- The Washington Times - Wednesday, November 21, 2001

The Pentagon lost an opportunity to kill hundreds of Taliban soldiers with the world's biggest conventional bomb when the target was changed in midmission, according to a senior U.S. intelligence official.
The U.S. military has dropped two of the 15,000-pound BLU-82 "daisy cutter" weapons during the air campaign against the Taliban and al Qaeda terror network in Afghanistan.
The weapon's massive explosion delivers a 600-yard-wide swath of destruction and can unnerve an enemy force.
On one of the two missions late last month, U.S. Central Command, which oversees the war, picked as a target a concentration of Taliban troops that had moved into a civilian area and turned the buildings into their garrison.
"Central Command watches these sites, and when intelligence confirms it has become a Taliban military site, it orders a strike," the official said.
A decision was made to drop one daisy cutter out of a C-130 cargo plane to kill "in the hundreds" of Taliban, the intelligence official said. But in midmission, the pilot was given new coordinates for a target in barren territory where "no confirmed Taliban existed," the official said.
He said he supported using the weapon, even if dropped near, instead of on, the enemy because the BLU-82's huge explosion and mushroom cloud can unnerve the opposition.
The official said he believed the target was changed because of a fear that civilians might be killed even though planners had studied the site for days and confirmed it as a military one. He suggested the order to change the target came from Washington.
The official said he was disclosing the mission because the United States lost a chance to eliminate Taliban fighters who he presumes continue to fight today and who may wage a guerrilla war on any new post-Taliban government in Kabul.
The Washington Times submitted detailed questions about the "daisy cutter" mission to spokesmen for Defense Secretary Donald H. Rumsfeld and Army Gen. Tommy Franks, who heads Central Command and approves each day's target list. Both spokesmen declined to comment.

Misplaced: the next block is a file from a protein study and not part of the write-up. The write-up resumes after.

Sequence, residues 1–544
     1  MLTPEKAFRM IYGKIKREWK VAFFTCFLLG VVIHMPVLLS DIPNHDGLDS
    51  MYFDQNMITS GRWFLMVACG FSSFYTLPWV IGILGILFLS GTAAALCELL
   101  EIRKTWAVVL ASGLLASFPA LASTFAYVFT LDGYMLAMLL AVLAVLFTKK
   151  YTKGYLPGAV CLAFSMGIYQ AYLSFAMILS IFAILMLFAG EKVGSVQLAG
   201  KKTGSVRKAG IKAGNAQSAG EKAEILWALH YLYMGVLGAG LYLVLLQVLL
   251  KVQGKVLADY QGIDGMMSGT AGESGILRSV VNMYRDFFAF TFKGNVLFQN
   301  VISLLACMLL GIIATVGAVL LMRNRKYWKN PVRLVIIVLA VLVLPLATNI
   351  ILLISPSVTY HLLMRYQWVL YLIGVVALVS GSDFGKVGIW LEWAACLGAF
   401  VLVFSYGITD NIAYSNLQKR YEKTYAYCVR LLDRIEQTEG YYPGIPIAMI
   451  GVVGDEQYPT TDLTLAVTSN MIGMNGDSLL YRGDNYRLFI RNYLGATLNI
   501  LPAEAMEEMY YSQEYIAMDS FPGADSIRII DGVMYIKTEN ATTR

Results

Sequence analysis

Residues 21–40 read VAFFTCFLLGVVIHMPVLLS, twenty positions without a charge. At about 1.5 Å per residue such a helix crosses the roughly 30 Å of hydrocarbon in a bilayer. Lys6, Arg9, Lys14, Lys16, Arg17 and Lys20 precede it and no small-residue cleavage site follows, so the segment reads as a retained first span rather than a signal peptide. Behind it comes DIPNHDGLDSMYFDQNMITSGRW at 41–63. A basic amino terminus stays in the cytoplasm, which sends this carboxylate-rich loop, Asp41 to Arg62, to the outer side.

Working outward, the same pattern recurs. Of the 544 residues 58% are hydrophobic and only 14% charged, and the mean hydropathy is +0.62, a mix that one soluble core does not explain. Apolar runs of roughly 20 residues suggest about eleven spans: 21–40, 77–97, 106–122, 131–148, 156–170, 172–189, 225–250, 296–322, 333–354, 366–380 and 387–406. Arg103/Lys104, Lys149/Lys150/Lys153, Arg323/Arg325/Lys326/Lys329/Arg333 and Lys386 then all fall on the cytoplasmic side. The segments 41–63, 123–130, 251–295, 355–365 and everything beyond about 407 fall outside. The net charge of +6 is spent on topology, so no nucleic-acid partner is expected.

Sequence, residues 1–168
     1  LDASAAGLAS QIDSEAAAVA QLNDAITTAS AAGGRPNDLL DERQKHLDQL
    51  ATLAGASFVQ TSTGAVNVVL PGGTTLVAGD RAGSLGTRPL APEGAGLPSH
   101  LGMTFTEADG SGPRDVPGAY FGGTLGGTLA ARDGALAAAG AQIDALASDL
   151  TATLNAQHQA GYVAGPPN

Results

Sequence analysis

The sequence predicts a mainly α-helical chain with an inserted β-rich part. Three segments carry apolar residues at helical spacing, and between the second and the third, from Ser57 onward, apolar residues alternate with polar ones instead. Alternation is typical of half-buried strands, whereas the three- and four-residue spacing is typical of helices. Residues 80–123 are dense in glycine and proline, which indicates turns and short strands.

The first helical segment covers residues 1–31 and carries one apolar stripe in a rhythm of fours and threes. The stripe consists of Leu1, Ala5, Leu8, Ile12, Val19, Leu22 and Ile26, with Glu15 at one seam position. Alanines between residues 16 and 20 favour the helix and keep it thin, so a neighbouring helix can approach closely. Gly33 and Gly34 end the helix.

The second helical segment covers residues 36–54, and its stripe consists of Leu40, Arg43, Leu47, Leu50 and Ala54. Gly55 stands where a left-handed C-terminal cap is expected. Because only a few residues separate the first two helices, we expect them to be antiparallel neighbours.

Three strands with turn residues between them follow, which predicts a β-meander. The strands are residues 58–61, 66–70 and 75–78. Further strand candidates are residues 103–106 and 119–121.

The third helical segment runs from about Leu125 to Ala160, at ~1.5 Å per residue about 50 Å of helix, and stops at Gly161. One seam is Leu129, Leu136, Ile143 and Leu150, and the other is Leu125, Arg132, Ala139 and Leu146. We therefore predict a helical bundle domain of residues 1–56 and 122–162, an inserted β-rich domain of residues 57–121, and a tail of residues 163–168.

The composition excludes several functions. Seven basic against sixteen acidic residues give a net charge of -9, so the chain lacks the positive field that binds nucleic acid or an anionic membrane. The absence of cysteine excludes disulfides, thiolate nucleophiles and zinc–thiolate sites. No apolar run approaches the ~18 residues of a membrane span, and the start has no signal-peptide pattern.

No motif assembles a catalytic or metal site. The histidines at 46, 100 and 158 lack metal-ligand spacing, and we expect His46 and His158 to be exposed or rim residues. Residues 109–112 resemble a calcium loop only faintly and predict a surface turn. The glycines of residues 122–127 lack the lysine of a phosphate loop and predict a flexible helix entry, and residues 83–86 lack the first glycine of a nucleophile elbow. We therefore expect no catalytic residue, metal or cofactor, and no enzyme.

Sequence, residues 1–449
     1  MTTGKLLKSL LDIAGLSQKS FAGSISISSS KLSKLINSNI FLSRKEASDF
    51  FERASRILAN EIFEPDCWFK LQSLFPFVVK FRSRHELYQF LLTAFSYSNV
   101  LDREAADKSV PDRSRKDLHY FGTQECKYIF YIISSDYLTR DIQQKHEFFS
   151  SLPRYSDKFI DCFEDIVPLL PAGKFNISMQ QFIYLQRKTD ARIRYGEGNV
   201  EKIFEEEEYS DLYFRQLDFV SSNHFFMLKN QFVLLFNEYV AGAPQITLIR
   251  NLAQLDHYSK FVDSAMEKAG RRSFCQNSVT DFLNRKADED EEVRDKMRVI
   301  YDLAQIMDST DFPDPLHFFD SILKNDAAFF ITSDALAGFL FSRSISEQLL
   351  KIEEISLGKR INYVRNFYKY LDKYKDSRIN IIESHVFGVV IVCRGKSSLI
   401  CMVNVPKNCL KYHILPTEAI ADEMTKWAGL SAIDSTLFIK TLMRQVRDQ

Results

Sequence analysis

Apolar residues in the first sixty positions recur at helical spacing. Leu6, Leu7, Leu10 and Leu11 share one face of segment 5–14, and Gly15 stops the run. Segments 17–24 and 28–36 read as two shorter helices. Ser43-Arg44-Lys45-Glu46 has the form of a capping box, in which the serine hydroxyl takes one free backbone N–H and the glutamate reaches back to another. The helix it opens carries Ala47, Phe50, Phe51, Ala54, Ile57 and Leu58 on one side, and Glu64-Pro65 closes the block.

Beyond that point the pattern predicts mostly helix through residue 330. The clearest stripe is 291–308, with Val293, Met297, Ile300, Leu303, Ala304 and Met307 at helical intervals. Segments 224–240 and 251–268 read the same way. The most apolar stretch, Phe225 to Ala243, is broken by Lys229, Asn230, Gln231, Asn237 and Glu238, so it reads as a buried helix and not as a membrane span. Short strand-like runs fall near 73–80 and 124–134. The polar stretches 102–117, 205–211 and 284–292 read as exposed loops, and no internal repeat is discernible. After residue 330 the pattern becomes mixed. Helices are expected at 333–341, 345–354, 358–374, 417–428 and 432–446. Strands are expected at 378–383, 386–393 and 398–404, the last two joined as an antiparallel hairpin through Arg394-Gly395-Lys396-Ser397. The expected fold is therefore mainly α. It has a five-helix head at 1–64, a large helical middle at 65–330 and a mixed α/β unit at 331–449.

Mr. Rumsfeld on Monday told reporters that Gen. Franks has wide latitude to pick targets. He said that in any war, planners must weigh a target's value against the civilian damage that might be inflicted in a bombing.
The defense secretary said Gen. Franks "has to balance the question of doing the maximum amount to kill people on the ground who might be part of al Qaeda and Taliban leadership, against trying to avoid so much collateral damage and blowing up of mosques and the like, that he ends up creating a feeling against the United States and the coalition forces on the ground in Afghanistan. So he makes a series of judgments."
Pentagon officials say air planners worked hard to avoid hitting civilian targets, even the type of facilities struck in the 1991 Persian Gulf war and the 1998 bombing of Serbia. For example, electrical power stations were prime targets in those two wars but have been avoided in Afghanistan.
When opposition Northern Alliance troops captured Kabul, they found the lights on.
"I don't think you'll ever witness a nation that has worked so hard to avoid civilian casualties as the United States has," White House spokesman Ari Fleischer said yesterday. "It is part of the training, part of the mission, part of the professionalism of the men and women who serve in the armed forces that they work so hard to conduct a war that works so hard to protect innocent lives on the ground."


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